Kate Middleton and ileostomy, which diseases make the “bag” necessary

Kate Middleton and ileostomy, which diseases make the “bag” necessary

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Among the rumors circulating about the health conditions of Kate Middleton, the rumor is gaining ground that the princess has undergone an ileostomy. A delicate intervention, which could justify the confidentiality shown by the Palace and the entire Royal Family regarding the health of the future Queen of England. But what is it?

What is ileostomy

An ileostomy is a surgical operation in which an external diversion of the final part of the small intestine is created: an opening in the abdomen that allows the drainage of intestinal material into a pouch, as the stoma does not have the muscles to retain the feces, but allows them to flow freely. A solution that can be temporary and reversible, in cases where recovery of intestinal function is expected, or permanent. There are approximately 2 million people in the world who live with an intestinal stoma, of which 70 thousand in Italy.

When an ileostomy is necessary

There are several medical conditions that may require the creation of an ileal stoma, including inflammatory bowel diseases, such as Crohn’s disease, ulcerative colitis or diverticulitis, which can lead to serious complications such as perforations or fistulas, making it necessary a stoma to divert fecal flow. Then there is congenital Hirschsprung disease, in which some parts of the small intestine lack nerve cells needed to control bowel movements.

Tumor hypothesis

Another reason is cancer that affects the small intestine and requires its removal: in this case the ileostomy can be performed in association with colon or rectal resection surgery, to divert the flow of the stool and “protect ” the anastomosis, or intestinal conjunction, until healing. But the choice to resort to this type of operation depends on the size and location of the section of colon removed.

Severe injuries to the small intestine following trauma or surgery may also require a temporary or permanent ileal stoma to allow the intestine to heal, as may intestinal obstructions, which may be caused by scarring, tumors, or other conditions , making it impossible for the normal passage of feces through the lower intestinal tract, making a diversion of the flow necessary. A flow that is liquid or semi-liquid, as being still in the ileum the feces have not had the opportunity to solidify due to the lack of reabsorption of some substances which occurs further downstream, and which can be collected by an adhesive stoma bag, which has filters inside that absorb odors.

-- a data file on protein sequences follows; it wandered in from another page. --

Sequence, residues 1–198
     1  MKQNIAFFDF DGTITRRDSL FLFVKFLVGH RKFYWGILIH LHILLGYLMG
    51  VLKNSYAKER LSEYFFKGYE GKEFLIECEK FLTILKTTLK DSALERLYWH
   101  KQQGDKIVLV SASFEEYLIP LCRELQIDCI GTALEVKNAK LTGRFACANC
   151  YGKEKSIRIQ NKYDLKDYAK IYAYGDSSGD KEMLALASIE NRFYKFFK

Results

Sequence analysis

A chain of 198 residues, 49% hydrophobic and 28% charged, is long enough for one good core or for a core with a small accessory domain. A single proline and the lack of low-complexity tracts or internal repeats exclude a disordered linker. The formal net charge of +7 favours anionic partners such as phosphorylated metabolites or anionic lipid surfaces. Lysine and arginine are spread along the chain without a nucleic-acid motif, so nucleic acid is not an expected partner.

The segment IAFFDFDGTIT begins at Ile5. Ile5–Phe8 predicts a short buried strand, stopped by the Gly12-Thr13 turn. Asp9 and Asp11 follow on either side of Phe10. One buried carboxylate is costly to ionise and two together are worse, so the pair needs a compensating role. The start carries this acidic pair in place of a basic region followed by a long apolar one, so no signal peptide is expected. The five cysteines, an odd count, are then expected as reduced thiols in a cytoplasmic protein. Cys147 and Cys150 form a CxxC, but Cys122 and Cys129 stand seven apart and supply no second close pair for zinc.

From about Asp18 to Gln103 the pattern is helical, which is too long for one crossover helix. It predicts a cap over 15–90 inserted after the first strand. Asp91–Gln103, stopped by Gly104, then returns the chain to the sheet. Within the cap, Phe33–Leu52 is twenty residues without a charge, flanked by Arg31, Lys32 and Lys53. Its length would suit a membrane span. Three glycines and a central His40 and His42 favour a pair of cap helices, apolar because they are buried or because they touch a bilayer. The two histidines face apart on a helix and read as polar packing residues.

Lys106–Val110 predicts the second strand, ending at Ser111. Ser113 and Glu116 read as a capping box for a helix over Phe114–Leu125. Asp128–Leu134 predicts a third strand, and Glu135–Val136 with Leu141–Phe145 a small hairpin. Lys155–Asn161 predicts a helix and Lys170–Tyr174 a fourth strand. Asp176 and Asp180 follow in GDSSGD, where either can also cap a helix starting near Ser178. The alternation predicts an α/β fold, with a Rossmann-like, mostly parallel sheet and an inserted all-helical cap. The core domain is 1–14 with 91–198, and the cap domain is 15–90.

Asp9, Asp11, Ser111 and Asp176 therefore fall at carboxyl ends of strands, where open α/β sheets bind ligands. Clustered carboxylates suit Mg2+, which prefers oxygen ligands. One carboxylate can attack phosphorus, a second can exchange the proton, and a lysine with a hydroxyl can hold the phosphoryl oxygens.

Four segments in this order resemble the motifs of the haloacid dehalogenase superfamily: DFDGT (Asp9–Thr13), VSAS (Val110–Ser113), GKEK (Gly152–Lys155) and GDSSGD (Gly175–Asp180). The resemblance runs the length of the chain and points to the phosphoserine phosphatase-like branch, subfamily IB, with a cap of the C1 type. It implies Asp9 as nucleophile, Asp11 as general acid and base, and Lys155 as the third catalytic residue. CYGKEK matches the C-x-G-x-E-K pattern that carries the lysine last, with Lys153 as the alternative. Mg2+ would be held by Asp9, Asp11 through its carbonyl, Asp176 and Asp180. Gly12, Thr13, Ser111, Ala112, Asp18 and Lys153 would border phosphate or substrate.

What does the intervention consist of?

Although the bags today are less impactful than in the past, they are still visible under clothes: there are abdominal bands specifically designed to hide them. Living with a stoma requires special attention which can lead to embarrassment, especially if you lead a life perpetually in the spotlight: recovery can take up to 12 weeks and in case of reversibility, the patient must undergo a second surgery in total anesthesia. The one generally performed as a temporary solution is the lateral loop ileostomy, in which a loop of intestine is brought out of the abdomen and sutured to the skin. The definitive terminal ileostomy, however, involves two incisions: one for the separation of the ileum and the other for the creation of the stoma for stool drainage.

As they explain from the Gemelli Polyclinic, “the hospital stay is usually 3 to 5 days, depending on the severity of the problem that led to the operation”, so in reality many less than the 13 nights Kate spent at the London Clinic, which is internationally renowned for regarding colorectal surgery. But the recovery times coincide: “For at least 3 months it will be necessary to avoid any type of effort, in order to avoid complications, such as para-stomal hernias and promote complete recovery from the operation”.

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